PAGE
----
okay, let's say that you're frustrated with high ticket prices and player salaries (more on that later). i could say any number of positive things about the sonics and you'd still believe that professional sports are the scourge of humanity. screw the sonics, you say. fine. but what about the little guy? the lesser known thunderbirds, an amateur hockey team, currently rent space at the key arena, but under the i-91 restrictions they wouldn't be able to make enough money to satisfy the lease. let me quote from deputy mayor tim ceis: "besides being an absurd premise -- how do you create a lease based on a formula? -- if the initiative passes, we can't do a lease for the storm, the t-birds hockey team, or any other new venture, such as pro lacrosse, that lack a track record." listen to the deputy, do you want to see the end of professional lacrosse before it even begins?

professional sports teams like the sonics offer plenty of jobs to low-income workers. i-91 would remove those jobs. see the next section.

whoah, i just found this report. it reminds me a lot of my work at northwest research group. anyway, the report concludes that the key (i.e., the sonics) generates jobs and income for thousands of people locally, and draws hundreds of thousands of visitors each year from outside the local economy. here are some numbers from 2005:

a. the key arena creates more than 3250 jobs in the queen anne area, including nearly 600 that work directly for the key. most of the key arena jobs are seasonal or part-time and benefit low-income service industry workers. together, these workers received somewhere between above $100 million in income. that's 100+ million taxable dollars.
b. the spending of KeyArena visitors and businesses creates $350 million in business activity; state and local governments receive $13.3 million in tax revenues as a result of this business activity at KeyArena.
c. 43% of key visitors come from outside King County and would not have made the trip if not for the key; this results in $165 million in business activity and $7 million in tax income.

there is a great deal of debate about the economic value of professional sports. i'm no economist, but my common sense reaction is that sports teams are extremely valuable to our city. wander down queen anne hill on a game night and you will detect a buzz of activity that is absent when the sonics aren't playing. that's the buzz of dollar signs. also, some of seattle sports players live locally; that means that at least some of their exhorbitant salaries are funneled back into the local economy, either through spending or taxes. finally, pro sports offer a lot of intangible monetary rewards that are hard to measure. for example, professional sports give our city national exposure that may draw new residents and businesses and thereby richen the cultural and economic viability of our city.

it may seem silly that a bunch of guys in baggy shorts or tight pants can create community, but, whether you like it or not, sports are the best kindling that we've got for passionate community. in an earlier post i said, "i have many fond memories of the sonics, especially as a kid; some fans have thirty years of memories" (including a national title--something that no other seattle franchise has attained), and every game represents another opportunity to build memories. but it gets better. sports offer an opportunity for us to build these memories together. remember the 1995 mariners? the 1996 sonics? the 2005 seahawks? these sports teams brought our city together. professional sports are unique in their ability to cut across social, political, economic, and age barriers. thus, a vote for i-91 could bring a serious blow to seattle community.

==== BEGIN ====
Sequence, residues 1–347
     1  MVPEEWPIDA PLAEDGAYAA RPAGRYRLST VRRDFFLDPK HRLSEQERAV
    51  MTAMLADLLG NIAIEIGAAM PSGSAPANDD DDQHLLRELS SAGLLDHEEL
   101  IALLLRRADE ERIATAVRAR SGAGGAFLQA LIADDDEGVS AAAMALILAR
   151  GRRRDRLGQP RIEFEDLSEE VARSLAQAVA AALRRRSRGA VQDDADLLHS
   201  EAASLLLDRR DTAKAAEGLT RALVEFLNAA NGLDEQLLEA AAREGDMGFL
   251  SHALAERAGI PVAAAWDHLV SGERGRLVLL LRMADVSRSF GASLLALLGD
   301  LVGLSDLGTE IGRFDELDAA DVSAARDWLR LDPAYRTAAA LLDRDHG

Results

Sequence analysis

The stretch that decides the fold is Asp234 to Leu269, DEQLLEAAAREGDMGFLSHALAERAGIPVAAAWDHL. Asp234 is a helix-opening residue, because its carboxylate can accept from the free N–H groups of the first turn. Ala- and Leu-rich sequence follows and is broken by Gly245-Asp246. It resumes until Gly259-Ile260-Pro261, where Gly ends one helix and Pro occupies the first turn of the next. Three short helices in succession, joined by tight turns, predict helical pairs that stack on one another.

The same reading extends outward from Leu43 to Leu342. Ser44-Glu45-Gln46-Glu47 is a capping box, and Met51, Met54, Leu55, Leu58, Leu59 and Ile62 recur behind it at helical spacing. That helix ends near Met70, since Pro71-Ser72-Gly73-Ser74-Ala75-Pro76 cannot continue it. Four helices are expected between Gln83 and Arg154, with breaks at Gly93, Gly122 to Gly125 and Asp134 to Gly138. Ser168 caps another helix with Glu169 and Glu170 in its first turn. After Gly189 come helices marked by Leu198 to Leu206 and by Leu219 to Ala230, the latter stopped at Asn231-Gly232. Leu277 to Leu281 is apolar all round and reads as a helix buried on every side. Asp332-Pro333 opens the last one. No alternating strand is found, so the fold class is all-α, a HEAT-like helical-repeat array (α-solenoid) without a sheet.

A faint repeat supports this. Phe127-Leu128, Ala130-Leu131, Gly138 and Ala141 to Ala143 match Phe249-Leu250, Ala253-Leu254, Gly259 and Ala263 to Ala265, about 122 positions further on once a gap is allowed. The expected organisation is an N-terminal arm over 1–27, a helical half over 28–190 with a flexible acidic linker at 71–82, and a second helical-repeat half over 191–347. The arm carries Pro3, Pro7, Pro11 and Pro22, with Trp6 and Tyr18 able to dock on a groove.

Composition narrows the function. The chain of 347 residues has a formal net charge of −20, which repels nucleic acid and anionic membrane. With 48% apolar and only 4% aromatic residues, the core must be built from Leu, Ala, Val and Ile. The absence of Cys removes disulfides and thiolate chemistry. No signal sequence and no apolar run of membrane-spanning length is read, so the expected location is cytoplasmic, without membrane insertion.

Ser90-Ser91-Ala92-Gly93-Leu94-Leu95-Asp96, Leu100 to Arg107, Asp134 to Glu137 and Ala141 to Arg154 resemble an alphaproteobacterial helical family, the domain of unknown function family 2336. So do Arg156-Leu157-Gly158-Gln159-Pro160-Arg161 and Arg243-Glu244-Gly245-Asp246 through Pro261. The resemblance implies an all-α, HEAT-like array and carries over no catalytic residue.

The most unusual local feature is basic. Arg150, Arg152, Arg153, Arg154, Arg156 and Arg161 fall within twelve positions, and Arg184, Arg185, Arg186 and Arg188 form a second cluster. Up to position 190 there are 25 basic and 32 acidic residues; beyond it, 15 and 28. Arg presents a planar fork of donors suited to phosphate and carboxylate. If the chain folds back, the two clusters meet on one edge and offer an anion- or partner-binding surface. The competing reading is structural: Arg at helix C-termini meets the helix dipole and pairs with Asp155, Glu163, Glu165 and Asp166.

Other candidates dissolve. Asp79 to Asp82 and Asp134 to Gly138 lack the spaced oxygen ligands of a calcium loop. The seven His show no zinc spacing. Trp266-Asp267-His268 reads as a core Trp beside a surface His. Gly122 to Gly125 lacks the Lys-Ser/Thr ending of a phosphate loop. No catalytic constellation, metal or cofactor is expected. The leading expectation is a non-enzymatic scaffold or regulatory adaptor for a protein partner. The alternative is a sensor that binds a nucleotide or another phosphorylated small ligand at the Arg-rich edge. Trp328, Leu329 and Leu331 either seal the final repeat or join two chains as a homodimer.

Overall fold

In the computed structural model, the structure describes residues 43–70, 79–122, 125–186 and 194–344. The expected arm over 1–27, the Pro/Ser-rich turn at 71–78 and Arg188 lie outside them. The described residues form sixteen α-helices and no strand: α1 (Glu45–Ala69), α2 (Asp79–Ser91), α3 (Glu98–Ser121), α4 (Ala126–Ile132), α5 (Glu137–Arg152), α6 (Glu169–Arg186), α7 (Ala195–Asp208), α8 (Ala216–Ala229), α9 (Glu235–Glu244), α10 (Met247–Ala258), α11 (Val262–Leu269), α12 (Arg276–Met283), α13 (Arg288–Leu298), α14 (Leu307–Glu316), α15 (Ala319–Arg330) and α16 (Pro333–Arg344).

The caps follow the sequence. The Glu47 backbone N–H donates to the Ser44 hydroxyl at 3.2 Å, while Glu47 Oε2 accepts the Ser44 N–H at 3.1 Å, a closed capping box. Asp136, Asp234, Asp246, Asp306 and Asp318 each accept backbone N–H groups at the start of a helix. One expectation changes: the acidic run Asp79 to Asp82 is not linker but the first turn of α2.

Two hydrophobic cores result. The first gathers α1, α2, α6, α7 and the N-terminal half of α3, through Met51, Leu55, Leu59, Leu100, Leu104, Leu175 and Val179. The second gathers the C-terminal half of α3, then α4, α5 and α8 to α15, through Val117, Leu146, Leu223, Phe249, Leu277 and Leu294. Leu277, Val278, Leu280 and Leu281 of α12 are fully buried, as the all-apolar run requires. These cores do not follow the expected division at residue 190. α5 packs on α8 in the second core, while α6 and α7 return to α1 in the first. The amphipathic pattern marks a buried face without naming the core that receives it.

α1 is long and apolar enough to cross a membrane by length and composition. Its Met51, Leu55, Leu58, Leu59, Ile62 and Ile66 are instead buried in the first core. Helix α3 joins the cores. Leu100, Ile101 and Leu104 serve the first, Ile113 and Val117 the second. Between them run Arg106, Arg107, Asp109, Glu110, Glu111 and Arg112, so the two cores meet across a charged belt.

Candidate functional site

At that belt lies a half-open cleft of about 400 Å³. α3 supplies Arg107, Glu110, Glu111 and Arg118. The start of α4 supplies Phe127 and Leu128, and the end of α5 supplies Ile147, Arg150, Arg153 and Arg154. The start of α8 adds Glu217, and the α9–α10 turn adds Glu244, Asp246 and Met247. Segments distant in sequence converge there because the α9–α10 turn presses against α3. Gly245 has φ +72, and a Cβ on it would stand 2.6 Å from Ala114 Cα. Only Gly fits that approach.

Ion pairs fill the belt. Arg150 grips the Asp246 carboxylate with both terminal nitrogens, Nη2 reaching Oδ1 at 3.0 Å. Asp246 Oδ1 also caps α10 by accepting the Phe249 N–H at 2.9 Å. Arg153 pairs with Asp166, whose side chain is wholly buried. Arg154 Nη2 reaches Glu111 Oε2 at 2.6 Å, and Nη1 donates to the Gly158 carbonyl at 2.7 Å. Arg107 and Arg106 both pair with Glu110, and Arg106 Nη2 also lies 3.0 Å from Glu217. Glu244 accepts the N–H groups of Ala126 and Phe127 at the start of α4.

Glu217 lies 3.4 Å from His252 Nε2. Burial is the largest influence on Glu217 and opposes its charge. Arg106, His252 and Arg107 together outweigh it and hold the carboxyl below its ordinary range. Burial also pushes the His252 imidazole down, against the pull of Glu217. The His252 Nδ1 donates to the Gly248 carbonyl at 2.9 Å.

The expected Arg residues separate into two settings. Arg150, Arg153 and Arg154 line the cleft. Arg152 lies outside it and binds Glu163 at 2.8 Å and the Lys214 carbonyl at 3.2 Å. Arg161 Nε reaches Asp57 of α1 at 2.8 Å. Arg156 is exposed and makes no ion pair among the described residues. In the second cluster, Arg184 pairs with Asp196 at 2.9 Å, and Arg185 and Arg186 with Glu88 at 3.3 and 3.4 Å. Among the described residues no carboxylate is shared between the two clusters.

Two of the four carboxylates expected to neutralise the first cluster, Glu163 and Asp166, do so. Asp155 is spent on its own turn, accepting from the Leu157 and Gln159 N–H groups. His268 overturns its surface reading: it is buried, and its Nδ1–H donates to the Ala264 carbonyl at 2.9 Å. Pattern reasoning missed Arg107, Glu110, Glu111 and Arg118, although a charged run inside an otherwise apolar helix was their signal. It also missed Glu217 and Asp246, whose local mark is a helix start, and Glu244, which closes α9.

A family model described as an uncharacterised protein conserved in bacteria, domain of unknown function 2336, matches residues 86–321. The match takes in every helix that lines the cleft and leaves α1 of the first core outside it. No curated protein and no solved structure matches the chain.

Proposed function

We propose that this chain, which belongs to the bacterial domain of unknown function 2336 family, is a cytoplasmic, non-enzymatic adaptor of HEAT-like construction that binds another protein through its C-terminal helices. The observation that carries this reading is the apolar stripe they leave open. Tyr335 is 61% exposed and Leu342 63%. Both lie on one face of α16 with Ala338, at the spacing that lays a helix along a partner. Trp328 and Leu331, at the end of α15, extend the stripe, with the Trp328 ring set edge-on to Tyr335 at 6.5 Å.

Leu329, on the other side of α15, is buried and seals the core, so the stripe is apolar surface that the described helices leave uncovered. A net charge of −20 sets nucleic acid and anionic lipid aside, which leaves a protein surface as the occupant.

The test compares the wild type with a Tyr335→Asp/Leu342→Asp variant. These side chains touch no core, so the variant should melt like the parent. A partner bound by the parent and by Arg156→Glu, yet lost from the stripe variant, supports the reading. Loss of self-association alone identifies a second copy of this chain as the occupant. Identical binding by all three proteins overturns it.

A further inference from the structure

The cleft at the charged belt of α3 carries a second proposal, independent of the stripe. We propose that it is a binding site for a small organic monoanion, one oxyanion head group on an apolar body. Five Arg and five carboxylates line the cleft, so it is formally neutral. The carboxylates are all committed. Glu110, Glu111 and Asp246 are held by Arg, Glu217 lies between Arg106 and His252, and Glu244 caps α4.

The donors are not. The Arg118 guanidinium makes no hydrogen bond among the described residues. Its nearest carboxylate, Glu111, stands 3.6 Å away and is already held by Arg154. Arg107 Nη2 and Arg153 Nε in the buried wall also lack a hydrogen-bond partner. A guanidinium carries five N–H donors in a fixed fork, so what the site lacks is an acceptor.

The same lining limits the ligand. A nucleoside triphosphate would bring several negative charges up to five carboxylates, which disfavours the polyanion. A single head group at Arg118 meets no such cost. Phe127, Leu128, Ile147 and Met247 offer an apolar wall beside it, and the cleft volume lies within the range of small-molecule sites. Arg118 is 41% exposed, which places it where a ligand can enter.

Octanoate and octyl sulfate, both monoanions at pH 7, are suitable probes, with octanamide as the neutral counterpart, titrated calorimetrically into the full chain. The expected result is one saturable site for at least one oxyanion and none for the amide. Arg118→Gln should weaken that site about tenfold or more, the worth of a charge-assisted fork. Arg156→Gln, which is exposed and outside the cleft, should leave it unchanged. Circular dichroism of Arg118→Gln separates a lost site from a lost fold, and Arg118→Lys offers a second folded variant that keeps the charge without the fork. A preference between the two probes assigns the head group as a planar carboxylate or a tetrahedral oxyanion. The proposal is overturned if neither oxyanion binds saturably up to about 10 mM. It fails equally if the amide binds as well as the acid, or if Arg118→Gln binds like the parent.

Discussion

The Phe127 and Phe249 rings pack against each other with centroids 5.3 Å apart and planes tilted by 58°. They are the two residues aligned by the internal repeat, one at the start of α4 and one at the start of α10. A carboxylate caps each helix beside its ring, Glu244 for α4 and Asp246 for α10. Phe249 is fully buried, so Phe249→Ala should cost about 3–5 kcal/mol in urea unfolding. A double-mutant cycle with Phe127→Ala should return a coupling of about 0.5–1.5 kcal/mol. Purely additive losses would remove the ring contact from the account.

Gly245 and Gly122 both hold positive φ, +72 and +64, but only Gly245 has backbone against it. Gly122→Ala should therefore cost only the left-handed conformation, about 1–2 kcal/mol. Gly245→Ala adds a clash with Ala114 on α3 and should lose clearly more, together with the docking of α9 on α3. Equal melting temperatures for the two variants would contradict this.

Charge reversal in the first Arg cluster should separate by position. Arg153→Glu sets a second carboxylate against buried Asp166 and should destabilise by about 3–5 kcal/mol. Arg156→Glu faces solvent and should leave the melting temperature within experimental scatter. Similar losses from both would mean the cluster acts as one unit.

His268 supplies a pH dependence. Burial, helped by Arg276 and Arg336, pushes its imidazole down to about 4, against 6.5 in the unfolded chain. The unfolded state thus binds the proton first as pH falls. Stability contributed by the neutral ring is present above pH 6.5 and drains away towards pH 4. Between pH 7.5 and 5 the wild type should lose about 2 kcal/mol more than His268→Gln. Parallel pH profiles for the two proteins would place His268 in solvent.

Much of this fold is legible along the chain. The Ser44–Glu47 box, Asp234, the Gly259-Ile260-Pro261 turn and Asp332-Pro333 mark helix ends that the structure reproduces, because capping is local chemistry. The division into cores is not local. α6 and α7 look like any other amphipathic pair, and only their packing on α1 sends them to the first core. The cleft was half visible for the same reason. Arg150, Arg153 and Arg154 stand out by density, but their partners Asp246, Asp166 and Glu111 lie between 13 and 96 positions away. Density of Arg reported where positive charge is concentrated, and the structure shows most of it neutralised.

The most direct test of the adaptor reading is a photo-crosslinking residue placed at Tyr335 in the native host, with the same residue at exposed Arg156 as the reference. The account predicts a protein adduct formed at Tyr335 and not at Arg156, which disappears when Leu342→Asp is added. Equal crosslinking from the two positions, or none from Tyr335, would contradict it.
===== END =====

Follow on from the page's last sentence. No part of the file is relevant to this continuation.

let me quote from art thiel of the pi: "as to the larger question of the importance of things, seattle has invested heavily in arts and culture with no shot at tangible economic returns. the city's contribution to benaroya hall is about $37 million. the mccaw hall tab was about $43 million. the dun for seattle art museum's new sculpture park opening in january is about $7 million....personally, i would prefer to live in a place that aspires to more than filling potholes and removing garbage, even if i never attended another sports event, art exhibition or music performance."

i'm worn out by this list. check out the sonics website. they have an entire section devoted to community service. when steve and i attended the seahawks game, the crowd raised more than $80,000 (i think) for the boys and girls club. sports radio kjr 950am raises more than $60,000 a year for literacy (and some other charity) from listeners and local sports figures. seattle sports and their fans play a key role in the community. so, let me close with an excerpt from jay holzman's letter to the seattle times (i had to modify the pronouns a bit, but it think it works now):

"like society, professional sports teams have their thugs. but the sonics and storm are overwhelmingly filled with good people who do more for their community than our inept city council, nick licata, and citizens for more important things will ever do, both directly and indirectly.

"how much equipment have they [the city council, nick licata, or CAIT] donated to schools? how many incentive programs and fundraising projects have they sponsored for kids? how many courts have they built in parks and schools around the northwest? when cleveland high school had uniforms stolen, did they buy them new ones? have they built an addition to the ronald mcdonald house? have they opened a health and fitness facility in minority areas of our city (donaldson fitness)? have they raised more than $10 million for cystic fibrosis in the past few years (Detlef Schrempf Foundation)? how many kids' lives have they made happier and better by visiting them in the hospital when they're sick, or just smiled and talked to them at just the right time? when a team is on a roll, can they get hundreds of thousands of strangers in a whole region and people of different races and ages to celebrate, unite, interact and feel connected? didn't think so."

vote no on i-91.


andrew said...

post script:

i found some more information about $$$, more particularly that $$$ that we currently spend on pro sports would NOT go to "more important things."

check this out: